Ligurian pesto is  considered by many to be the best in all of Italy  The temperate Mediterranean climate along the Ligurian Sea produces a classic Genovese basil (Ocimum basilicum ‘Genovese’) prized for its fragrant aroma and spiciness. The evocative flavor of an authentic well prepared Ligurian basil pesto screams Italy and makes a perfect ingredient to pair with pasta. In this case, thin sheets of lasagna pasta dough smeared with basil pesto and finished with a bubbly bechamel sauce.  

I learned to make this recipe from Enzo Malvicini. He was not a chef but the owner of harness race horses who had come to America to race at Balmoral Park in the late 1960’s. Enzo was a friend of our Nonna. He lived in Milan and when he wasn’t at the track he would come by to visit Nonna and to cook. Even the most infrequent of cooks in Italy can make a restaurant quality meal from scratch. This is the first time I had bechamel (besciamella) sauce rather than bolognese for lasagna. Although bechamel is thought to be French in origin, this refined sauce is said to have been brought to France by Caterina de Medici. When she became the Queen of France she bestowed on the sauce the name of  one of her courtiers, the Marquis Louis de Béchameil.

Watch  aristocratic chef Lorenza de Medici make bechamel . Then pair this mild creamy sauce with pesto for a summertime lasagna that will have your friends wondering at what Italian cooking school you’ve been studying.

for the bechamel:

  • 1/4 cup butter
  • 1/4 cup flour
  • 2 cups milk
  • 1/8 teaspoon grated nutmeg
  • 1/4 teaspoon ground white pepper
  • pinch of salt
  • omit Parmigiano cheese in the sauce and use a directed below

You will need about 1 cup of pesto to 2 cups of bechamel to 2 cups grated Parmigiano cheese to  1/2 box of dry lasagna noodles (about 10 sheets)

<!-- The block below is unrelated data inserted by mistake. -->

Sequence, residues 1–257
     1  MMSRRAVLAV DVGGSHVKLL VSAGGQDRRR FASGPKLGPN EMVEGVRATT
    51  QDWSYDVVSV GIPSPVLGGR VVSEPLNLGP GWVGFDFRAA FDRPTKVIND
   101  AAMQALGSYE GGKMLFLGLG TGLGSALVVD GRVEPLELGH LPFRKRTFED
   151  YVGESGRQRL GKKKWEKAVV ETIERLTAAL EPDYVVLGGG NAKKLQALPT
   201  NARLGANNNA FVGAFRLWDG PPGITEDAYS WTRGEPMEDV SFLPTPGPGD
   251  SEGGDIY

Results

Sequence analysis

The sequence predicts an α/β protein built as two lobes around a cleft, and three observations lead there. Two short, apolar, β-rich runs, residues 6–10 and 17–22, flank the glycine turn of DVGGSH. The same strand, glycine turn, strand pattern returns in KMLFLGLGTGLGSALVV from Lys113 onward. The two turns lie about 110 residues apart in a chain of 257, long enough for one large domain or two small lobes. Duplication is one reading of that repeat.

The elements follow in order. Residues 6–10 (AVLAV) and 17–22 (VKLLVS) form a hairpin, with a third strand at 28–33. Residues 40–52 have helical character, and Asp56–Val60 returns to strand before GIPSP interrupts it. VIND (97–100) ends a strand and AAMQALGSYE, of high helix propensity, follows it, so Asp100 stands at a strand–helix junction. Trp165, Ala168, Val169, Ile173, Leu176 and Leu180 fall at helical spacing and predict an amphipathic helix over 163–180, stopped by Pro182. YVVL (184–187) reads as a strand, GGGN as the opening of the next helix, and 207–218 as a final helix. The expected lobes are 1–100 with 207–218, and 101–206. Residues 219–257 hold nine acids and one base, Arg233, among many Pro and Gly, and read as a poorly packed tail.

Preheat oven to 350 degrees F.

Butter an 8×8  high rimmed pan and  lay a single layer of  parboiled lasagna noodles to cover the bottom of the pan, barely overlapping.  Spread 3-4 tablespoons of pesto evenly over noodles. Cover with a thin layer of  bechamel, a few pads of butter and a handful of  grated Parmigiano Reggiano cheese.Repeat the layers until you reach the top of the pan.  On top finish with a generous layer of  bechamel only, a few pads of butter and the rest of the cheese. Wrap tightly with a non-stick foil. Bake for one hour . Remove foil and bake for an additional  10 minutes more, until top is golden.  Remove from oven and let stand for 15 minutes before slicing.

Suggested Wine : Vermentino


2 thoughts on “Basil and Bechamel

    1. Thanks for yor comment! I think that knowing a little of the gastro-history takes your cooking and eating to another level. Food traditions bring people to the table with a greater awareness of what they eat and that translates into a healthy satisfaction and appreciation of the land and hands that feeds us.

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